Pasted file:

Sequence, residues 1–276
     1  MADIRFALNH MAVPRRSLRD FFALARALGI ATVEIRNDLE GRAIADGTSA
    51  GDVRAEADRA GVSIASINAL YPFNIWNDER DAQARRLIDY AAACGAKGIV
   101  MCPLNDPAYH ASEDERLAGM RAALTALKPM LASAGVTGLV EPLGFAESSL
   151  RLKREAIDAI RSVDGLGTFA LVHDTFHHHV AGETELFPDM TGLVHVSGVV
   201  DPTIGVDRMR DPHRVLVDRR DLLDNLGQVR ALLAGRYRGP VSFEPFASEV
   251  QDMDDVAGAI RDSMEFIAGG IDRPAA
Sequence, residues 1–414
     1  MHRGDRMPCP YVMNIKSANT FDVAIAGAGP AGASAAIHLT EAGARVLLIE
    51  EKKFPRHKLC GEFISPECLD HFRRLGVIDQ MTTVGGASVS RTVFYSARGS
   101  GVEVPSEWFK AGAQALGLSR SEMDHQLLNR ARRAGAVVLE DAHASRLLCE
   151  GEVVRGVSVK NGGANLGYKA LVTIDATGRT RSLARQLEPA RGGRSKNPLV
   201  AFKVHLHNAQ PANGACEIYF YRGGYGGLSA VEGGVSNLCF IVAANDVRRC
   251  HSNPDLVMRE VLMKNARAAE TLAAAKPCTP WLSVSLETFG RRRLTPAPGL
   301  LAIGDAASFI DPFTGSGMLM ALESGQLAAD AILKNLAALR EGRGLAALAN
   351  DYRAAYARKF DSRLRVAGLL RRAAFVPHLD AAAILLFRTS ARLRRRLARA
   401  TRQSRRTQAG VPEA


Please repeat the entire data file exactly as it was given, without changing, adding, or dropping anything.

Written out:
Sequence, residues 1–276
     1  MADIRFALNH MAVPRRSLRD FFALARALGI ATVEIRNDLE GRAIADGTSA
    51  GDVRAEADRA GVSIASINAL YPFNIWNDER DAQARRLIDY AAACGAKGIV
   101  MCPLNDPAYH ASEDERLAGM RAALTALKPM LASAGVTGLV EPLGFAESSL
   151  RLKREAIDAI RSVDGLGTFA LVHDTFHHHV AGETELFPDM TGLVHVSGVV
   201  DPTIGVDRMR DPHRVLVDRR DLLDNLGQVR ALLAGRYRGP VSFEPFASEV
   251  QDMDDVAGAI RDSMEFIAGG IDRPAA
Sequence, residues 1–414
     1  MHRGDRMPCP YVMNIKSANT FDVAIAGAGP AGASAAIHLT EAGARVLLIE
    51  EKKFPRHKLC GEFISPECLD HFRRLGVIDQ MTTVGGASVS RTVFYSARGS
   101  GVEVPSEWFK AGAQALGLSR SEMDHQLLNR ARRAGAVVLE DAHASRLLCE
   151  GEVVRGVSVK NGGANLGYKA LVTIDATGRT RSLARQLEPA RGGRSKNPLV
   201  AFKVHLHNAQ PANGACEIYF YRGGYGGLSA VEGGVSNLCF IVAANDVRRC
   251  HSNPDLVMRE VLMKNARAAE TLAAAKPCTP WLSVSLETFG RRRLTPAPGL
   301  LAIGDAASFI DPFTGSGMLM ALESGQLAAD AILKNLAALR EGRGLAALAN
   351  DYRAAYARKF DSRLRVAGLL RRAAFVPHLD AAAILLFRTS ARLRRRLARA
   401  TRQSRRTQAG VPEA